A full moon occurs when we see its entire lit-up side. This occurs every 29.5 days, when the moon is directly opposite the sun relative to Earth. Jan. 31 will be our next full moon in the lunar cycle.
What's a lunar eclipse?
The moon's orbit is tilted by about 5 degrees relative to Earth's orbit. So, most of the time the moon ends up a little above or below the path Earth follows as it revolves around the sun. But twice in each lunar cycle, the moon does cross into our planet's orbital plane.
If that crossing corresponds to a full moon, the moon will pass into Earth's shadow, resulting in a total lunar eclipse. Since the moon needs to be behind Earth, relative to the sun, to become overshadowed, a lunar eclipse can happen only on a full moon.
To see the phenomenon, you need to be on the night side of Earth; this eclipse will be visible mostly in Asia, Australia, the Pacific and North America. But don't worry if you miss it: Lunar eclipses happen, on average, a couple of times a year. The next one visible in North America will occur on Jan. 21, 2019.
A blue moon that looks red
When a lunar eclipse happens, the moon appears to darken as it moves into Earth's shadow, which is called the umbra. When the moon is all the way in shadow, it doesn't go completely dark; instead, it looks red because of a process called Rayleigh scattering. The gas molecules of Earth's atmosphere scatter bluer wavelengths of light from the sun, while redder wavelengths pass straight through.
This is why we have blue skies and red sunrises and sunsets. When the sun is high in the sky, red light passes straight through to the ground while blue light is scattered in every direction, making it more likely to hit your eye when you look around. During a sunset, the angle of the sun is lower in the sky, and that red light passes directly into your eyes while the blue light is scattered away from your line of sight.
In the case of a lunar eclipse, the sunlight that makes it around Earth passes through our atmosphere and is refracted toward the moon. Blue light is filtered out, leaving the moon looking reddish during an eclipse.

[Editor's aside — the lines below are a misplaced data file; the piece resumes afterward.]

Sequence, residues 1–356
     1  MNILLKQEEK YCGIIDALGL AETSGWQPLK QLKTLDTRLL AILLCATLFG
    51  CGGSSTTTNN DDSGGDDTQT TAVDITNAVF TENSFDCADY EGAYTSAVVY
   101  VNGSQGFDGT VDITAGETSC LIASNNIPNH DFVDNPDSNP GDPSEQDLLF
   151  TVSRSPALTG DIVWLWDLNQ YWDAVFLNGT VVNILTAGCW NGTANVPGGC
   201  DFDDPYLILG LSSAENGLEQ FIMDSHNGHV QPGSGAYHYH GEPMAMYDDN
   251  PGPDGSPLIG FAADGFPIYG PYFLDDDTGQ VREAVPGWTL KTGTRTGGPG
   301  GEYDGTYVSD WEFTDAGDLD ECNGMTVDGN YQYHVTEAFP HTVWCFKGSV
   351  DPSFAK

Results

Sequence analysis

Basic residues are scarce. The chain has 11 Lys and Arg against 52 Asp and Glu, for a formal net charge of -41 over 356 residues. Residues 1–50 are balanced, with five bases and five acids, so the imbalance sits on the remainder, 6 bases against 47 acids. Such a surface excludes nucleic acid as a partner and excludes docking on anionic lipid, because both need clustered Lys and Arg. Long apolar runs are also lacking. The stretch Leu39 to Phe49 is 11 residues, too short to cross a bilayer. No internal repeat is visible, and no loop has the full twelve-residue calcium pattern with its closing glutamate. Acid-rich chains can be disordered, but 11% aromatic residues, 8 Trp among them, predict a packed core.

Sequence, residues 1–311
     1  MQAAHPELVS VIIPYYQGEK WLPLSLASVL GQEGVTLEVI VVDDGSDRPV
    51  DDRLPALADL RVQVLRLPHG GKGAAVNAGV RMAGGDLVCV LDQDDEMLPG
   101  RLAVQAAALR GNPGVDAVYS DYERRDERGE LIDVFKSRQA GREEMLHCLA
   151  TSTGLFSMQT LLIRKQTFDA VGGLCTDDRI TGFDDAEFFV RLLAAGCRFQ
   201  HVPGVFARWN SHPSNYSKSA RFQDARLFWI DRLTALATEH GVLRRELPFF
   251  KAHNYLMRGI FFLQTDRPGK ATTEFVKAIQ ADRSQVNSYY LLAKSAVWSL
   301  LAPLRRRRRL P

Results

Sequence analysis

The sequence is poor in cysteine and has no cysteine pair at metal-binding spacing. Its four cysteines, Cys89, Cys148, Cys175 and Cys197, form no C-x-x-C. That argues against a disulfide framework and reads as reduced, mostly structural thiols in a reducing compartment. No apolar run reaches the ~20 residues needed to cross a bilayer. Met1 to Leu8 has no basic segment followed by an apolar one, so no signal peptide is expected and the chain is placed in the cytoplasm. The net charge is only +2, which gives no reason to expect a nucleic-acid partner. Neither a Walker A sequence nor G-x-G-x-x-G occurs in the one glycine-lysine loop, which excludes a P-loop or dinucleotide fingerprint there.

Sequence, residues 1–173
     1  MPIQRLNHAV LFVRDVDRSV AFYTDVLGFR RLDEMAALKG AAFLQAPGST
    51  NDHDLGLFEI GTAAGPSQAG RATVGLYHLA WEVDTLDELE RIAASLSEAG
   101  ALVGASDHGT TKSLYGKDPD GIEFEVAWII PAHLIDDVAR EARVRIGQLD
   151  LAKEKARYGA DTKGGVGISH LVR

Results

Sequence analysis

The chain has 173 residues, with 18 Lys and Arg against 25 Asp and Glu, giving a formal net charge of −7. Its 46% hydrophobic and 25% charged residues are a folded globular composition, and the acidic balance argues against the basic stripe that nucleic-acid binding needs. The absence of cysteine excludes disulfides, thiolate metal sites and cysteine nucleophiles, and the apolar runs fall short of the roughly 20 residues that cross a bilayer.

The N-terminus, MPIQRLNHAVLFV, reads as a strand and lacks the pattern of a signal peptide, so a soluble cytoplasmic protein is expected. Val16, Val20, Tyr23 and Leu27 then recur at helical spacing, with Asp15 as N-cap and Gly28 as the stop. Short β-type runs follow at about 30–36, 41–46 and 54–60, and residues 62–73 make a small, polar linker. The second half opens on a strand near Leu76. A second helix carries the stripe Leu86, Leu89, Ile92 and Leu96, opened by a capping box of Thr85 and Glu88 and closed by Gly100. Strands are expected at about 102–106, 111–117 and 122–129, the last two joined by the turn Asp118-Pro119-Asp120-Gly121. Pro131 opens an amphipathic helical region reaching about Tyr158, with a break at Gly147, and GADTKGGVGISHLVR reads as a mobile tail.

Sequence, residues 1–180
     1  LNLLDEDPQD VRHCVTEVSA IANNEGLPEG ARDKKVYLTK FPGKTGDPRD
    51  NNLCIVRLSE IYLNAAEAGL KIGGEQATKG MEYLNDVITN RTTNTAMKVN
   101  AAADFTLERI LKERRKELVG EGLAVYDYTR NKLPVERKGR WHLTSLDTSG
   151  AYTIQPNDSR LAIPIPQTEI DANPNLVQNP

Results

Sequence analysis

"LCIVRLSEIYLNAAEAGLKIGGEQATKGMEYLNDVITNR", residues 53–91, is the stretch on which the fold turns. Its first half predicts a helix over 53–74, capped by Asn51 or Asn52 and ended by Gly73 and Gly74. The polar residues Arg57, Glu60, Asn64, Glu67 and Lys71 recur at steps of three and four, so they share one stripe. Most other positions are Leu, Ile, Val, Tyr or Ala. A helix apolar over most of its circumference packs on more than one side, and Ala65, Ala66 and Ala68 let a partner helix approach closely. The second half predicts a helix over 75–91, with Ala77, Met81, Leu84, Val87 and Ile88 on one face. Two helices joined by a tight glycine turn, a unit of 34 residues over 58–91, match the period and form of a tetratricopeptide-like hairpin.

On top of it all, the Jan. 31 full moon is also considered a blue moon.
There are two different definitions of blue moon. The first is any time a second full moon occurs in a single month. Because there are 29.5 days between full moons, we usually end up with only one per month. With most months being longer than 29.5 days, it occasionally works out that we have two full moons. We already had one on the first of January, and our second will be Jan. 31, making it a blue moon.
The second definition of a blue moon says it is the third full moon in a season in which there are four moons, which happens about every 2.7 years. We'll have only three this winter, so the Jan. 31 full moon won't be blue by this definition. Stargazers will need to wait until May 18, 2019, for a blue moon that fits this older, original definition.
A supersize supermoon
Finally, this will also be a supermoon.
The moon's orbit is not perfectly circular, which means its distance from Earth varies as it goes through a cycle. The closest point in its orbit is called the perigee. A full moon that happens near perigee is called a supermoon by some.
This happened with our full moon on Jan. 1, and it will happen again on Jan. 31.
Its proximity makes it seem a little bit bigger and brighter than usual, but that's the extent of its effects on Earth. The distinction is usually hard to notice unless you're looking at two pictures side by side.
There are long traditions of giving different moons names. With this being a bigger, brighter, reddish-looking blue moon, perhaps we should call it a super purple moon. The moon will not actually appear purple, nor will have it a cape — but Jan. 31 is a great time to gaze up and enjoy the night sky.
Schmoll is director of the Abrams Planetarium at Michigan State University. This article was originally published on theconversation.com.